Nine years since making his debut, you’d have been hard pressed to find a more popular finisher at TT2019 than Johnson and his reaction both in parc ferme and on the podium showed exactly what it means to riders when they achieve their dream. His unbridled joy and satisfaction showed what it means to riders to compete – and succeed – at the TT.
A year after making his debut at the Isle of Man TT, when he became the second fastest newcomer ever to have lapped the Mountain Course, Davey Todd more than confirmed that potential this year, the highlight being sixth place and a lap of 131.491mph on the Penz13.com BMW in Friday’s Senior race.
Having earlier finished eighth and tenth respectively in the Superstock and Superbike races, Todd joined the 130mph Club on the opening lap of the Senior when he lapped at 130.229mph and had worked his way up to fifth at two thirds race distance. A charging James Hillier pushed him back to sixth on the final lap but Todd only lost out to his more experienced rival by 2.6s.
It was a difficult two weeks for Todd and his team, not just because of the inclement weather but also because his close friend and Penz13.com team-mate Daley Mathison lost his life in the Superbike race, and it’s a credit to all of them that they continued and did so in an ultra-professional manner that ultimately saw them rewarded.
Todd also took seventh and ninth in the two Supersport races where, riding the Milenco by Padgetts Honda, he set his best ever 600cc lap of 125.686mph. This year’s TT may only just be over but he must be high on the list for the factory teams in 2020.
Old guard struggle
John McGuinness and Ian Hutchinson came into this year’s TT with a mightily impressive 39 wins and 73 podiums between them but save for second place for the former in the TT Zero race, it was a meeting to forget for the pairing.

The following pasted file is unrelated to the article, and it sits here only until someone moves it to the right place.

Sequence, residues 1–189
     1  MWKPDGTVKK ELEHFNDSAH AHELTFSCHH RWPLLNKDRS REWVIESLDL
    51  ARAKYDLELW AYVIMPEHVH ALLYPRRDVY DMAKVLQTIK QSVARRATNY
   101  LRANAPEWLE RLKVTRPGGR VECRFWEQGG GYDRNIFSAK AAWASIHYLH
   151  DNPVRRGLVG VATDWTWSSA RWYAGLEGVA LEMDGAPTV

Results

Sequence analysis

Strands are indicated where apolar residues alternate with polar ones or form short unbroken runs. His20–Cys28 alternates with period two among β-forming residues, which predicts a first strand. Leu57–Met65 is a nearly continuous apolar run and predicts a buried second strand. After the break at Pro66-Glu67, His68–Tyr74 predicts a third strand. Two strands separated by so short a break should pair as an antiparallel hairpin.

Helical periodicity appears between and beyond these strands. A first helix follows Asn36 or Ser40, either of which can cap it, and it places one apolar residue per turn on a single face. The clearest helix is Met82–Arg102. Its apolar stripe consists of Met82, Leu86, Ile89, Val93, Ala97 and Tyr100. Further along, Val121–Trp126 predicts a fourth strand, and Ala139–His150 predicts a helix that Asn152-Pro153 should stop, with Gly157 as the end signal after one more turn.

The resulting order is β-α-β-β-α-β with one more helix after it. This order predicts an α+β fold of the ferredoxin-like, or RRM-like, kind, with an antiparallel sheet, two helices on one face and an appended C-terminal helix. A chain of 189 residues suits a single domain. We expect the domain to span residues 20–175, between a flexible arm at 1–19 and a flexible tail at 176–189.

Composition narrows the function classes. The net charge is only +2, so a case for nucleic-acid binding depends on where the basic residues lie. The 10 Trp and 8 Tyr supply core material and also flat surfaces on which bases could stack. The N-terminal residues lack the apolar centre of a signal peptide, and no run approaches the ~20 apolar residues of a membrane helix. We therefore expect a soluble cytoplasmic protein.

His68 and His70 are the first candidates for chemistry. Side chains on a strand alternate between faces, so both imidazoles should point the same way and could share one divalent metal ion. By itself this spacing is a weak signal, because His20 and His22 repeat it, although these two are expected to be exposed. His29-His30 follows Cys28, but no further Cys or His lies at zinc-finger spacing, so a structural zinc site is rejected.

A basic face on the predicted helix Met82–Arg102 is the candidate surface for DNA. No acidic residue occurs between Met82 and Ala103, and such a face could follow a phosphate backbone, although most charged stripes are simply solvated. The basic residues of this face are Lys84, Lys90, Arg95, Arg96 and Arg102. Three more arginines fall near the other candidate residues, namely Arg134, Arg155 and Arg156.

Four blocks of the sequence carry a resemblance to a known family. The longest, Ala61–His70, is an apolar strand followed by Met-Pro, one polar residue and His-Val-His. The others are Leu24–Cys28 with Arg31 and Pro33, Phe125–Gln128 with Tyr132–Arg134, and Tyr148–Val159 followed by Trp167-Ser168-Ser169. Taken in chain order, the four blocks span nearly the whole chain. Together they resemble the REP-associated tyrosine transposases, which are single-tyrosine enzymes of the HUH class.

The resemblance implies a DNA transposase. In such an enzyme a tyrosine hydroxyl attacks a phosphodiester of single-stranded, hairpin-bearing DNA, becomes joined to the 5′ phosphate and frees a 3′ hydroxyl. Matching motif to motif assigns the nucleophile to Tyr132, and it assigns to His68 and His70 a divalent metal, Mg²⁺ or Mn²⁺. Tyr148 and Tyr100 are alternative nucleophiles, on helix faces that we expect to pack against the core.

McGuinness struggled all week with his Norton machinery, failing to finish the Superbike, Senior and Lightweight races and although he saw the chequered flag in the two Supersport races, he was a long way off the pace in 15th and 17th.
Having not competed at the TT since 2016, the Morecambe man had a big hill to climb and, this year at least, it proved insurmountable. As we have seen, Hickman and Harrison have raised the bar massively so only time will tell what McGuinness does next.
Hutchinson, meanwhile, was on the back foot right from the second practice session when he was lucky to escape uninjured from a crash at the 11th Milestone. He fared slightly better than his long time rival, with a tenth place finish in the first Supersport race his best result, but question marks must be raised about his immediate future with Honda Racing.
Five races in a day
With all the delays and cancellations during race week, we arrived to the penultimate day with only two races having been completed and in danger of seeing some of the remaining six cancelled.
Clerk of the Course Gary Thompson and his team made the bold decision to try and run five of those races on the Thursday due to more poor weather being forecast on the final day.
It looked ambitions and hopeful, to say the least, and needed everything to run like clockwork and without hiccup to work – and that’s exactly what he did. It was a punishing day for everyone with little time or respite between the races but ultimately it paid off.
It was certainly a tough and challenging TT but it all came good in the end and Thompson is to be applauded for his efforts each and every day of the fortnight.
Having started watching motorcycle races all over the world form childhood, Phil Wain has been a freelance motorcycle journalist for 15 years and is features writer for a number of publications including BikeSport News and Classic Racer, having also been a regular contributor to MCN and MCN Sport. He is PR officer for a number of teams and riders at both the British Superbike Championship and International road races, including Smiths Racing, Quattro Plant Kawasaki, RAF Regular & Reserve Kawasaki, Dafabet Devitt Racing, John McGuinness, Lee Johnston and KMR Kawasaki. He is also heavily involved with the Isle of Man TT Races, writing official press releases and race reports as well as providing ITV4 with statistical information.